Apple's Mac OS accounted for 2.2 per cent of the desktop/client computer market in 2002, taking second place to Microsoft, reports research firm IDC. The analyst said the Mac OS would concede its runner-up position to Linux by 2004.
Microsoft retained its monolithic dominance of the OS market in 2002 IDC said. It found that Microsoft dominated both client and server markets across that year, and will "defend its market position" for at least the next four years.
Windows accounted for 55.1 per cent of new shipments of server operating systems in 2002, up from 50.5 per cent in 2001, while paid versions of Linux accounted for 23.1 per cent of new shipments in 2002, up from 22.4 per cent in 2002, the research company said in its 'Worldwide Client and Server Operating Environment Market Forecast and Analysis, 2002-2007' report.
However, this report did not take free versions of Linux into account.
Microsoft's hegemony on the client desktop also continued across 2002, climbing from 93.2 to 93.8 per cent of the worldwide market. Linux accounted for 2.8 per cent of that market.
Microsoft's volume licensing programs, aimed at converting its customers to long-term volume licensing plans, have and will continue to play a large part in increasing the company's marketshare.
IDC said there were 5.7 million new sever licence shipments in 2002, an overall decline of 5.1 per cent compared to 2001, with sales of $7.8 billion.
Between 2001 and 2002, only OS server software from Microsoft and Linux experienced market growth, the report claims. The gains were 8.6 per cent and 17.2 per cent respectively, giving Microsoft a 16.7 per cent share of the server market in terms of revenue and Linux a 0.6 per cent share. Combined, all companies selling Unix server software earned 31.1 per cent of 2002 market revenue (a decline of 8.9 per cent from 2001), while Novell's NetWare software carved out 4.3 per cent (a decline of 12.4 per cent), IDC said.
About 47 per cent of server market revenue – $3.7 billion – came from sales of mainframes, midrange computers and other large host-centric operating environments, the report said.
However, sales of OS server software running over mainframes and other large systems declined sharply when comparing 2002 to 2001. According to IDC estimates, vendors shipped 50,000 copies of these in 2002, a decline of 58 per cent over 2001.
IDC attributed the decline to the phasing-out of older network operating systems such as OS/2 from IBM. IBM will end support of OS/2 after 2006, and has recommended OS/2 customers migrate to Linux rather than Windows.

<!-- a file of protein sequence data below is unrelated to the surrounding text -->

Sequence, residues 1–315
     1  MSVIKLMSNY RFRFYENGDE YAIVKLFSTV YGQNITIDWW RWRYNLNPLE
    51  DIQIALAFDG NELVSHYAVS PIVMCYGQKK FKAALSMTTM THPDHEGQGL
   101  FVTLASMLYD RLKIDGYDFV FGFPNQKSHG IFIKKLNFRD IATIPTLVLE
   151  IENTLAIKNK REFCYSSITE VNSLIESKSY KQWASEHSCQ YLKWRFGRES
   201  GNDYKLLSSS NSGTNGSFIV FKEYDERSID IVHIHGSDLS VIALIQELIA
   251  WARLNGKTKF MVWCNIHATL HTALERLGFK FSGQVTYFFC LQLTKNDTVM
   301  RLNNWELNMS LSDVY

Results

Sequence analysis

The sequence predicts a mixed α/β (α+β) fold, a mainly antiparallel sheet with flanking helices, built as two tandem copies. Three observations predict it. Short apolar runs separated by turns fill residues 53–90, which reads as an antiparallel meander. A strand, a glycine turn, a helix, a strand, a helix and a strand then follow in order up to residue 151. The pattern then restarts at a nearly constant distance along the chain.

It is this support of Linux from large systems vendors – IBM in particular, but also HP and Sun – that will propel Linux in the server market, as the large vendors have the capital and the will to refine the Linux software and market it, IDC said.
The report singled out The SCO Group's copyright infringement lawsuit against IBM as "the only dark clouds on the Linux horizon," though IDC said it does not foresee the litigation as having the ability to cripple the Linux market as it currently stands.
"Even if the litigation is resolved, the incident may forever put to rest the notion that Linux is 'free' software that can be deployed on any machine without any accountability for ownership and licensing," IDC said. "This weakens a major area of differentiation between Linux and more commercialized operating environments."
IDC predicted that the litigation: "Will be resolved in such a way that Linux can continue on in the current source tree." At worst, should a court side with SCO, "the offending code will be removed and replaced by the open-source developer community without any significant setback in the functionality, reliability, and scalability of the Linux kernel."
IDC projected that Linux platform revenue will increase at more than four times the overall industry average for all platforms through 2007.
Regardless of Linux market gains, its revenue is dwarfed by Microsoft's earning power, IDC said. Microsoft generates about the same amount of OS revenue in three days as the entire Linux industry generates in one year, IDC said.